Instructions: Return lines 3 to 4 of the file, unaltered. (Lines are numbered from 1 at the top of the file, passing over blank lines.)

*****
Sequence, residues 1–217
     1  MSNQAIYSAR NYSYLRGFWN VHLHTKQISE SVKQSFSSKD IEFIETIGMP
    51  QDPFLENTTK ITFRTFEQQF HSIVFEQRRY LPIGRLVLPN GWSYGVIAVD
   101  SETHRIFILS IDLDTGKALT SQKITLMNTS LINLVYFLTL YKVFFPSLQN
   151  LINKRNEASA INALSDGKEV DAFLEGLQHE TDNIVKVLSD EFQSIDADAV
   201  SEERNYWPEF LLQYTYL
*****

    51  QDPFLENTTK ITFRTFEQQF HSIVFEQRRY LPIGRLVLPN GWSYGVIAVD
   101  SETHRIFILS IDLDTGKALT SQKITLMNTS LINLVYFLTL YKVFFPSLQN